The Channel Tunnel, nicknamed the “Chunnel” is a 31 mile (50 km) long rail tunnel beneath the English Channel (La Manche) which provides a fixed link between England and France. It is geographically situated at the narrowest crossing – the Strait of Dover (Pas de Calais). The Chunnel has been operational since its official opening on the 6th May 1994 and is run by the company “Eurotunnel” – the concessionaire until 2086.
Warren Buffet once said, “It takes 20 years to build a reputation and five minutes to ruin it. If you think about that then you’ll do things differently”. Alas history is littered with instances where his words would have fallen on deaf ears.
It is hard to believe that it has only been a few decades since South Africa adopted the metric system. The shift had a profound impact on the economy and the daily lives of citizens. Many of South Africa's largest trading partners at the time were either using the metric system or had committed to moving over. This provided the impetus for South Africa to get going. The strength of the apartheid state ensured that implementation was highly effective.
The question is easy to answer; South Africa was formerly part of the British Empire, which decreed that the rule of the road was to keep left in order to avoid collision, end of story.
NO not the end of story. The real question to be asked, is why does Britain (and her former colonies) drive on the left, when 65% of the countries of the world drive on the right?
The old saying that “Good walls make for good neighbours” has been taken to heart in Johannesburg, where high walls have sprung up where once there were only low diamond mesh fences and hedges to keep the children and pets from straying onto the road.
The story of the DC-3 really began in tragedy, when a plane crash caused a public outcry across America over the quality of passenger aviation. It took the death of the famous football (grid iron) coach, Knut Rockne of Notre Dame University, who with five other passengers and two crew was lost when Transcontinental & Western Airlines (TWA) Flight 599 went down at Bazaar, Kansas (between Kansas City & Wichita), on 31st March 1931.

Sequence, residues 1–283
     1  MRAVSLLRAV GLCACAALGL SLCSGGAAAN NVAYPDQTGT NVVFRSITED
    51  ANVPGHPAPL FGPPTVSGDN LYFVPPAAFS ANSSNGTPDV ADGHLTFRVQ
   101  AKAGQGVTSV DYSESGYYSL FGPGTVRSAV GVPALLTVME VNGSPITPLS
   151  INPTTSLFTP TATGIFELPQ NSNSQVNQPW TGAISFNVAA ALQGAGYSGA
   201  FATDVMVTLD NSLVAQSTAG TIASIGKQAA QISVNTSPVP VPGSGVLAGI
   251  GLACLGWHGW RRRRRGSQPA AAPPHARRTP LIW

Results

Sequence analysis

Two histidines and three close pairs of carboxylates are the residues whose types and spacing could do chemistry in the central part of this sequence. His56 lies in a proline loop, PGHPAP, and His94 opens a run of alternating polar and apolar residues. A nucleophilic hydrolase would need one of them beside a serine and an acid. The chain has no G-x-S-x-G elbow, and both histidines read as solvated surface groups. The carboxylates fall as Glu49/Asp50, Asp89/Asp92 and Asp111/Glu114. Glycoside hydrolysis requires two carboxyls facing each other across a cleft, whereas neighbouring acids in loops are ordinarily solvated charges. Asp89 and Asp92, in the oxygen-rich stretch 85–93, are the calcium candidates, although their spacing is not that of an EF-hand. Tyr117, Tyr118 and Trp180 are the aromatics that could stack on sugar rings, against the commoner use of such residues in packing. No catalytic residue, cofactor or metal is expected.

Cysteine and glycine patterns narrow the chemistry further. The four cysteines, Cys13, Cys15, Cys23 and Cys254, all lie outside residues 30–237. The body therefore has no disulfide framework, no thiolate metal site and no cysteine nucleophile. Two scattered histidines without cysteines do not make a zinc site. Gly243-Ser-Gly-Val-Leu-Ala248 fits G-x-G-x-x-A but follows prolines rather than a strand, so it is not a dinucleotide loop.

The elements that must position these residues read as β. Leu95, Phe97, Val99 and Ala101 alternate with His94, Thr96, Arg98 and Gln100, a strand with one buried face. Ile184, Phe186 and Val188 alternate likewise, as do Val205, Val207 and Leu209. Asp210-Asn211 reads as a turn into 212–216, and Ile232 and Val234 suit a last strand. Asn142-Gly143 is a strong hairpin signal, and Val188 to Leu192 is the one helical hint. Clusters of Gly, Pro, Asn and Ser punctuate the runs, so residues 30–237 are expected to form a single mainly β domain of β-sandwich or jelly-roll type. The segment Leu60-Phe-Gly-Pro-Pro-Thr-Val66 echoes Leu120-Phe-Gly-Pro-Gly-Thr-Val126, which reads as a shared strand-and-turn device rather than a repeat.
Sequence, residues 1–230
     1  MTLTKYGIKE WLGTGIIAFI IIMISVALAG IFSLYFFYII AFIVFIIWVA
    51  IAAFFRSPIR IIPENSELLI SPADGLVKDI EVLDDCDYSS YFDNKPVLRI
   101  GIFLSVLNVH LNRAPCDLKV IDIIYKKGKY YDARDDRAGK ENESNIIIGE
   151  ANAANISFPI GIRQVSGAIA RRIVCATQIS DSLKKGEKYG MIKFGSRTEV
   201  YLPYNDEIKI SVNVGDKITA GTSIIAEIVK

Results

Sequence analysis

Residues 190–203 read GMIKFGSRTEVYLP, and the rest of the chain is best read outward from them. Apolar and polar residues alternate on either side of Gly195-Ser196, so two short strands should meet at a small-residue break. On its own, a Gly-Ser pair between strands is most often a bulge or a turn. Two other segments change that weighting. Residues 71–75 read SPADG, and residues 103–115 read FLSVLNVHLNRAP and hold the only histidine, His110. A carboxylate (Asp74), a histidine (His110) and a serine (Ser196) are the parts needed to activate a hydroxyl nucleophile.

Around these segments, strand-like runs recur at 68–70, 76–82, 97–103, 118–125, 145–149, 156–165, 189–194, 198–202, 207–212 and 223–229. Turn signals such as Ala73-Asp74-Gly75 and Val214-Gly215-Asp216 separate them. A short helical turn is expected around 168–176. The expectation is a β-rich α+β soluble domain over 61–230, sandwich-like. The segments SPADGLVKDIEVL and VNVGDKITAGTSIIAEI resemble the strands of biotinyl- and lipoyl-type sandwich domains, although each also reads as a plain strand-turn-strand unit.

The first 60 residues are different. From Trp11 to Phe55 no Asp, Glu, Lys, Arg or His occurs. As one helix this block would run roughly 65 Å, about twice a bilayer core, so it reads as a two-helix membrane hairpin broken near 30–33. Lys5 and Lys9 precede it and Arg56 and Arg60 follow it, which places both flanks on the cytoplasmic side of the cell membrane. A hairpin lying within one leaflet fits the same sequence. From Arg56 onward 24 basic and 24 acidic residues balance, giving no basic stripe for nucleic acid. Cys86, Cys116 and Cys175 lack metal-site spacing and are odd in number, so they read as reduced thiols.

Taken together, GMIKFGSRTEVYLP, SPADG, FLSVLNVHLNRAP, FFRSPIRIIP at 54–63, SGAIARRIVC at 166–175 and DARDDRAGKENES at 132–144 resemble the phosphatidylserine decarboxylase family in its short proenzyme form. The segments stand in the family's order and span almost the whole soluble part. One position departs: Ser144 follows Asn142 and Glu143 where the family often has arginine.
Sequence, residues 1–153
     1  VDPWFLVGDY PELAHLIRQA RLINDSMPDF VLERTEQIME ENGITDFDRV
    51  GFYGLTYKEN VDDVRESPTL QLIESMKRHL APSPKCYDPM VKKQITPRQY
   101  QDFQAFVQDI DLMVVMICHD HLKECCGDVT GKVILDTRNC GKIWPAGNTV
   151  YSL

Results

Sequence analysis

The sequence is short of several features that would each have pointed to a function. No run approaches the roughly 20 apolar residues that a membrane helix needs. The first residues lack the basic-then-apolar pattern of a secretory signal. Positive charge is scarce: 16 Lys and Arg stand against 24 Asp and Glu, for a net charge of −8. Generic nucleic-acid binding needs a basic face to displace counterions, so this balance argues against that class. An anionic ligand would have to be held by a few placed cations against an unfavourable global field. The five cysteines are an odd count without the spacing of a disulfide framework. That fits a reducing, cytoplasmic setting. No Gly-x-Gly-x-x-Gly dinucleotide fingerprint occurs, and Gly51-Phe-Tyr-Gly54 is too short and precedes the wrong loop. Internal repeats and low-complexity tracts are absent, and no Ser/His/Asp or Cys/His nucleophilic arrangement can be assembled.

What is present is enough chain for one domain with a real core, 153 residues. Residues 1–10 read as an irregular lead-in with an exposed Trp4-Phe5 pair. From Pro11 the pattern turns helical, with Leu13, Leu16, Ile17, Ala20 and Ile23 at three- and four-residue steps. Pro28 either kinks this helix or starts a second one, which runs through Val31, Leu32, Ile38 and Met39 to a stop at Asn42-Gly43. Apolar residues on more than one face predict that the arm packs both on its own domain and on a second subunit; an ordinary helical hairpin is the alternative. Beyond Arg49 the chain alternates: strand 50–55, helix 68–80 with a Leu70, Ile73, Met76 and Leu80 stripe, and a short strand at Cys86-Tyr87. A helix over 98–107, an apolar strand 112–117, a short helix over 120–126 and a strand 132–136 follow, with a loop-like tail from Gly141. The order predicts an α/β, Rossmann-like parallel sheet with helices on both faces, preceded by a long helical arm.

Limit State Design shares the same acronym – LSD with the psychedelic drug Lysergic (Acid) Diathylamide, the “Lucy in the Sky with Diamonds” of the Beatles, even if John and Paul denied the association. Likewise more than a few Structural Engineers that studied in the “Swinging Sixties” are in denial over the merits of LSD, a design philosophy at variance with the time honoured pre-computer age method of ASD – Allowable Stress Design.
The zenith of long distance passenger travel by train world wide was during the period between the two World Wars (1919 to 1939) thereafter there was increasing competition from other modes of transport, notably the airliner and the motor vehicle (utilising modern road infrastructure), which led to a rapid decline in patronage for rail travel. At the ending of the Second World War (1945) there was a large surplus of Douglas Dakota twin engine aircraft that were sold off at bargain prices, this effectively kick started the modern airline industry.
Present day Southern Africa has inherited its railway gauge from a bygone era of 142 years ago, when in 1873 the decision was made to reduce the gauge from 4’-8½” to 3’-6”, when the Cape Government Railways (CGR) planned its extension from Wellington to Worcester for the reasons why see “Ox Wagon to Iron Horse” - click here to view.
If the question was asked what was the Crystal Palace? More than likely the answer would be an association football (soccer) team that plays in the English “Barclays Premier League”. If this was a pub quiz the answer would be correct and it would be next question please, however the more curious minded of us would wish to know how the football team got its name.